The area named Skanste is also marked as a priority on the general city development plan. Although, in all probability, Riga can’t compete with London or Paris, each city should have its own Central Business District. Considering the location of the territory, namely, its proximity to the city centre, it is the best place for a business area.

Any growing company knows that it will eventually need more spacious, modern and comfortable premises.

Why the choice was made in favour of Skanste and not, for example, Ķīpsala, which was once considered a promising business area?

There were many ideas regarding the location for a commercial district in Riga. However, each area should “grow” on its own. Compared to our territory, all those districts of Riga located on islands, such as Ķīpsala, Lucavsala, Zaķusala, have their disadvantages in terms of the classic estimate of real estate property, i.e. according to the principle “location, location and once more location”. NHC is situated close to the historical centre of Riga, which isn’t true of the other potential development areas.

The second important factor is road communications and infrastructure. Office employees and people living in new houses need public transport. NHC is reachable by tram, bus, and trolleybus. These means of transport are so far unavailable, for example, in Lucavsala.

Another key moment is utility engineering. For example, the development of Lucavsala might pose a serious challenge for developers. This was recently confirmed by the unsuccessful results of tenders held by the municipality. Although the territory is located quite near to the centre, its price is relatively low and, on these grounds, it might seem promising; estimates of potential expenses per square meter of the end-product, which also includes design and utility engineering, totally changes the picture. Moreover, these expenses are not only related to financial resources, but also time.

In Ķīpsala, in turn, public engineering communications are in place, but the logistic solutions haven’t been thought through. The current transport communication seems acceptable for now, but big enterprises still have problems with it. Therefore, the further development of Ķīpsala without any fundamental changes will be difficult, but separate objects are likely to appear there anyway.

Moreover, we shouldn’t forget about gradual population decline; therefore, the development of such impressive territories should be treated with caution.

How much has already been invested in New Hanza City? And what is the provisional total amount of investments in the development of the project?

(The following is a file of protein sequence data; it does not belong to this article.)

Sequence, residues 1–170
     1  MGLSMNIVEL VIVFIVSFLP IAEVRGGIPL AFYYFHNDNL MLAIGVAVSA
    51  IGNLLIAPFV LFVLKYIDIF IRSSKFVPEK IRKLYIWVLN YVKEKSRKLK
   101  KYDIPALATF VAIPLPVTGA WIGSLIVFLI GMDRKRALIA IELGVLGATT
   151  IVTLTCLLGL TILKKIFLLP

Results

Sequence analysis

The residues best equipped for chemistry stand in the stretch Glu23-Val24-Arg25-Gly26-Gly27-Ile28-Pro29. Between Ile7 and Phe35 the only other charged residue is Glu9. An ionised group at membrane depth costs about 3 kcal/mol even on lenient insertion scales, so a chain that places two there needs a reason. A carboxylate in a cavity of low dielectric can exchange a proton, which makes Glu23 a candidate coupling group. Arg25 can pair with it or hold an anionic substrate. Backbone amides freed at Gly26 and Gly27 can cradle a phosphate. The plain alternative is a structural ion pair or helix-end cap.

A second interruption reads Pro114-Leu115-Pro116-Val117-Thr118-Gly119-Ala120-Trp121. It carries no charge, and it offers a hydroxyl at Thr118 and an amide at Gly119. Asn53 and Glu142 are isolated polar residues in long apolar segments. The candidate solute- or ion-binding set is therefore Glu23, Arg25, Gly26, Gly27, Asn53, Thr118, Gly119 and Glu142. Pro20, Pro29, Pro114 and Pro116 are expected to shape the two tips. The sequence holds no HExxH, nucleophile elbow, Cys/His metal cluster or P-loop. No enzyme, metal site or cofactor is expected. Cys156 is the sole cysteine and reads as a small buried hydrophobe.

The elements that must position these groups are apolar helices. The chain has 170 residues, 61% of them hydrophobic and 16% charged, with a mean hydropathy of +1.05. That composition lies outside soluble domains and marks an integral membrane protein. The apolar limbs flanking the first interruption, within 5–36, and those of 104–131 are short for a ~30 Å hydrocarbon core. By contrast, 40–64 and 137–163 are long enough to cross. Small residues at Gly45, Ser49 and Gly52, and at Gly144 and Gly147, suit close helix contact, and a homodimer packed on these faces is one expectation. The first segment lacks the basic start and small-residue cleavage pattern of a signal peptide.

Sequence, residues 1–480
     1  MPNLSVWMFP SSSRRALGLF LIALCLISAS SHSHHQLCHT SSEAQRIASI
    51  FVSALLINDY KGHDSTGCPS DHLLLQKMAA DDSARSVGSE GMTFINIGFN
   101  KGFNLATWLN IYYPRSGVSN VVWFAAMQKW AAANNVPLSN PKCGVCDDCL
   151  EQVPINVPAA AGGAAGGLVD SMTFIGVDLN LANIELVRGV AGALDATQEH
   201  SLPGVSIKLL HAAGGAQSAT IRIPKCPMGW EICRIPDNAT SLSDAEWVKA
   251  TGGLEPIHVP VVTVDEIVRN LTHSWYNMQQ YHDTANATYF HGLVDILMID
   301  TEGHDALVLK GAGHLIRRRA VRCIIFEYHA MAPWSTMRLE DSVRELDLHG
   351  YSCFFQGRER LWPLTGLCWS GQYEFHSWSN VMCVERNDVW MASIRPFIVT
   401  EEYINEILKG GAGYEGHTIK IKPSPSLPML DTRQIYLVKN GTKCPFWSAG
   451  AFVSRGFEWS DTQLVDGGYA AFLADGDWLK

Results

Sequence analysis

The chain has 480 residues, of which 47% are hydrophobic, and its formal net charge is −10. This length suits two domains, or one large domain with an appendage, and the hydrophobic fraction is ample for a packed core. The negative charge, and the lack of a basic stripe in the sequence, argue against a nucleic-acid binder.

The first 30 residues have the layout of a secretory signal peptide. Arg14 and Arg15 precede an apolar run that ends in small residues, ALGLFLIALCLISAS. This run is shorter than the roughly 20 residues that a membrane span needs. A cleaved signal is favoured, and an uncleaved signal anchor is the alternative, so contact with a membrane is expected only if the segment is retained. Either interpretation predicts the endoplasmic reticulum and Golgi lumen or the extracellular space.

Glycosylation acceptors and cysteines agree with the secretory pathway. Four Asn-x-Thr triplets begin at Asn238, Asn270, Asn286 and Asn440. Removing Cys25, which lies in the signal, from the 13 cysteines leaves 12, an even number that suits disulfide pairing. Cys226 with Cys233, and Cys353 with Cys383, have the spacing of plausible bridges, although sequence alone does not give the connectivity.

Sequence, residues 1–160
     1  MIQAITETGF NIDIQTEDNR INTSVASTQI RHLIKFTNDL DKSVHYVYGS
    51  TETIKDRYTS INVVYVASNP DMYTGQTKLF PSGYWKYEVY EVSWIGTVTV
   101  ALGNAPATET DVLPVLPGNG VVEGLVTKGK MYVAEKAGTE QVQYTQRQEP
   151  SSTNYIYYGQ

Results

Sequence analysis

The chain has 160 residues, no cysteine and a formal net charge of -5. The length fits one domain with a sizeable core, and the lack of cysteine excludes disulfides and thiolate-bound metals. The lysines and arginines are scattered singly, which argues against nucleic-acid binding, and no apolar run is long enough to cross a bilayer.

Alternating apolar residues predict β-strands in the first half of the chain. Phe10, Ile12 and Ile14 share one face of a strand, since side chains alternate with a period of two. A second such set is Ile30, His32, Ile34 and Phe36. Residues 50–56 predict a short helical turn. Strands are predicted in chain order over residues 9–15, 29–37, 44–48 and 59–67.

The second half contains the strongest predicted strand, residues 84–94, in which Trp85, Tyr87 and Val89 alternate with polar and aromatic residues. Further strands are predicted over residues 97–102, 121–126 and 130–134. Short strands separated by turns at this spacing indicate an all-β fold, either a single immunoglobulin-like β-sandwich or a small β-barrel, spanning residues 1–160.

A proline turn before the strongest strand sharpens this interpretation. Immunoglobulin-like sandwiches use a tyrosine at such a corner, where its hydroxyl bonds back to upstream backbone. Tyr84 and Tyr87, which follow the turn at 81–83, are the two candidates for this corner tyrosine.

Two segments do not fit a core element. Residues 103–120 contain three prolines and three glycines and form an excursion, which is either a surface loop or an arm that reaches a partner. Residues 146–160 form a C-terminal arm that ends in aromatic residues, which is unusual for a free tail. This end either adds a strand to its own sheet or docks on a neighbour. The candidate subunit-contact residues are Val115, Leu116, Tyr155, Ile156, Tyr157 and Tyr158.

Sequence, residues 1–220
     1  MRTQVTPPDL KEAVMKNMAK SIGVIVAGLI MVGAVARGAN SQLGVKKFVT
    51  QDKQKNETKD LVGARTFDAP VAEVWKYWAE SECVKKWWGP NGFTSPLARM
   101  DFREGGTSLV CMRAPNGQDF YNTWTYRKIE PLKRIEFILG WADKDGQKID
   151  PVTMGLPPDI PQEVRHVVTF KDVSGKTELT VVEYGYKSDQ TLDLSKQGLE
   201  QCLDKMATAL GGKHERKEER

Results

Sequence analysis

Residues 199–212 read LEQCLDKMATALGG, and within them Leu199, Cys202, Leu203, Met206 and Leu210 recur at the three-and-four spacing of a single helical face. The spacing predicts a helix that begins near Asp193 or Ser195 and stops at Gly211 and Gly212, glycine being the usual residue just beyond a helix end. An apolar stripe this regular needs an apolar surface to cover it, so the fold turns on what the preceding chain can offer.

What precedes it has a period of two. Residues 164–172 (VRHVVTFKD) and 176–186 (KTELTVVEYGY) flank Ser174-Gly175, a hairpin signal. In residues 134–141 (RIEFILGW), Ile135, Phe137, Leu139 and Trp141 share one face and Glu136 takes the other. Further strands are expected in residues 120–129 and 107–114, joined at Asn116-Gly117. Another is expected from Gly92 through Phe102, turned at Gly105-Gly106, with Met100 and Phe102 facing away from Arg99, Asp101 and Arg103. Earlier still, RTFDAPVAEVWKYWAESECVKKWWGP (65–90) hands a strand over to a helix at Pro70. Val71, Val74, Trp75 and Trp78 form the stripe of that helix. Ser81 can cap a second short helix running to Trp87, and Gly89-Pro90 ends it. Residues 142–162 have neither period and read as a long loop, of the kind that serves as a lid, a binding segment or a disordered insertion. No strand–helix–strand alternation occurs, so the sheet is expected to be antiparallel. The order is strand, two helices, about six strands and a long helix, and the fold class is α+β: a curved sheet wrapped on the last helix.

So far, finances have been actively invested in the improvement of the territory including the expenses of purchasing the plot of land, and come to more than EUR 30 million in total. However, it is very difficult, if not impossible, to define the amount necessary for the transformation of a territory of 25 ha.

NHC, like any big development project, is being implemented in several stages. At this particular moment in time, it is possible to talk about the first and the second stage. We are starting from the territory, which is closer to the historical centre of Riga. The core of NHC will be established there, and we will be expanding from that core.

The priority will definitely be the new headquarters of the bank. The idea about the bank’s own building was the key reason for developing the area. Therefore, construction will mark the first stage of the project. However, we need to make some prepa­rations and build the infrastructure first; also in several stages. In 2016, we expect to get the streets and utilities built. The construction of new buildings will commence in 2017. The bank’s headquarters and office centre will each cover an area of approximately 20,000 square meters, while the total area of the new buildings within the project is expected to be 53,000 square meters, including the underground floor.

The next stage includes the development of the area in terms of residential buildings. Specialists are currently designing the apartment blocks. One of the buildings will be a middle-class residence spanning an area of approximately 15,000 square meters, while another building is planned as a premium-class residence whose area will be over 15,000 square meters. Then, we come to the Latvian Museum of Contemporary Art which has already evoked a widespread public debate. The museum will be located at the very heart of the area, near the park, and will constitute the core of NHC. The museum is undoubtedly a key site within NHC.

In the next five or six years, our total expenses will reach approximately EUR 150–170 million.

How much will the first stages of NHC cost?

We don’t have precise numbers related to the first buildings, as we haven’t made an estimate yet. However, it is very likely that the construction of the bank’s headquarters and office centre will cost EUR 80–100 million. We still don’t know several items that will contribute to the final amount, such as the final architectural design of the bank. Moreover, the buildings will have complicated engineering systems. The office centre will comply with BREEAM standards. Therefore, the project is not only very high rated, but as the best in Latvia.

The Latvian Museum of Contemporary Art Foundation has promised to contribute EUR 30 million to the construction of the museum. However, this amount excludes the park, regarding which there are no calculations yet, as it will be created simultaneously to the construction of the museum. We’ll see what decision the architects will propose after the contest. The middle-class residence will cost EUR 13–15 million, whereas the investments in the construction of the premium-class area might reach EUR 25 million. So, in the next five or six years, our total expenses will reach approximately EUR 150–170 million.